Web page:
So, what do you think?  Do you agree that walking is beneficial to your health and wellness?

Do you have a special pup that holds a piece of your heart, and do you enjoy walks together?

Please comment – I’d love to hear from you!



Thearpy Dogs – What are they and what health benefits can they offer?

Perhaps you’ve witnessed this scene – you’re walking down the hall of a hospital or nursing home to visit a loved one, and you pass someone walking a dog into a patient’s room.

Wait – whaaat?

Are dogs now allowed in healthcare facilities?   You thought only service dogs were permitted inside – and that didn’t look like a service dog.

What you have likely witnessed is a Therapy dog in action!

What is a Therapy dog?

Therapy dogs receive training to provide psychological or physiological therapy to people other than their owners or handlers.  Typical places they visit are hospitals, nursing homes, and schools.  Visits often involve meeting numerous patients, or they can spend individual time bonding with one patient.

Most often when visiting these facilities, they are handled by their owner.  However, they may be handled by a professional dog handler/trainer.

Therapy dogs are of an even temperament and have friendly personalities.

The type of people who have benefited from visits with a therapy dog include those suffering from autism, Alzheimer’s, depression, and PTSD.

Therapy dogs can improve a patient’s mental health by providing feelings of comfort, reducing feelings of loneliness, enhancing self-esteem and motivation to get better.

There are even physical benefits therapy dogs can provide, such as lowering blood pressure, releasing endorphins and relaxation hormones.

Is a Service Dog the same as a Therapy Dog?

No – Service Dogs are trained helpers for someone with a disability.  They allow their human to gain independence and help keep their owner safe.  Service Dogs’ owners often have a “no petting” policy for their dogs, as this could interfere with the dog’s duties.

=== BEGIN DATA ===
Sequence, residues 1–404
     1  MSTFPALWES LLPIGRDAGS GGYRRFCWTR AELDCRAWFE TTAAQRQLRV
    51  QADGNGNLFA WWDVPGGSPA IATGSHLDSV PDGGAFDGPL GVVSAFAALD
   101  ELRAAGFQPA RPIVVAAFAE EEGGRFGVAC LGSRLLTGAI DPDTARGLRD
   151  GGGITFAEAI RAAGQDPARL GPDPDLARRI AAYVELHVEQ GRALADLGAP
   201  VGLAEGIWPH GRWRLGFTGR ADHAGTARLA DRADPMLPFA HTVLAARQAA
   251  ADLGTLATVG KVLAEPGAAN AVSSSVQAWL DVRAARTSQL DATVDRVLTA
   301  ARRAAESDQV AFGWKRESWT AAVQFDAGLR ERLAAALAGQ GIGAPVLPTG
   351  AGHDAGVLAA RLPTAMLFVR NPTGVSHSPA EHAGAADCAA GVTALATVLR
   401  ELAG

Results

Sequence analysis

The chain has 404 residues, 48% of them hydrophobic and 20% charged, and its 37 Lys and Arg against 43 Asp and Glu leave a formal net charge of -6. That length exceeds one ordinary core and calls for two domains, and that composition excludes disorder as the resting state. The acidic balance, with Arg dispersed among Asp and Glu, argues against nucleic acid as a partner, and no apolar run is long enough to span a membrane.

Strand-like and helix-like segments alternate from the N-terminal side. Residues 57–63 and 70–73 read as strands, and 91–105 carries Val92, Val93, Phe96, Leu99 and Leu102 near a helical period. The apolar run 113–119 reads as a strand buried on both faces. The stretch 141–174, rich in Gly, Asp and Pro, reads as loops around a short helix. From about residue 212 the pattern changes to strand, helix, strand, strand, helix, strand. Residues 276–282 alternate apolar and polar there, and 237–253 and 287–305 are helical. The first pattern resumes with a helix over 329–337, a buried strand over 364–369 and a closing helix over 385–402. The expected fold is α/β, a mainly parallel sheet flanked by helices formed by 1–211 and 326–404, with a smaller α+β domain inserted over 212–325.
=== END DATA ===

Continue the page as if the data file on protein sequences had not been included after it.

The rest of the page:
Service Dogs are also permitted under the Americans with Disabilities Act (ADA) and other laws to accompany their owners in public places such as restaurants and grocery stores.  Therapy Dogs are most often not afforded these same allowances, as their jobs are not the same as Service Dogs.

Can I train my dog to become a Service Dog?

Dogs of any breed, mix, or size can become a Service Dog – the most important trait of a Service Dog is its temperament.  Service Dogs have to be friendly and able to tolerate petting and handling from unfamiliar people.

For you and your dog to become a Therapy Team through the Alliance of Therapy Dogs, the process is as follows:

  • Your dog must be friendly and at least one year old.
  • A tester/observer in your area will test you and your dog – this evaluates your dog’s demeanor, good manners, and your handling skills.
  • You and your dog will be observed by a tester/handler during three visits with medical facility residents.
  • After these steps are completed, along with completion of the application paperwork, you and your fur baby are a Therapy Team!

So – what do you think?  Are you looking for a way to volunteer to help others but still have bonding time with your pooch?  Training your pup to become a Therapy Dog may be the perfect way for you to contribute to others’ well-being.

For more information on becoming a Therapy Dog member, visit the Alliance of Therapy Dogs.

After researching this subject, I’m considering looking into training my dog Lola to become a Therapy Dog!  Are you part of a Therapy Team, or know someone who is?  Do you know someone who has benefited from a Therapy Dog’s services?  What experiences can you share on this subject?

I’d love to hear your thoughts and comments!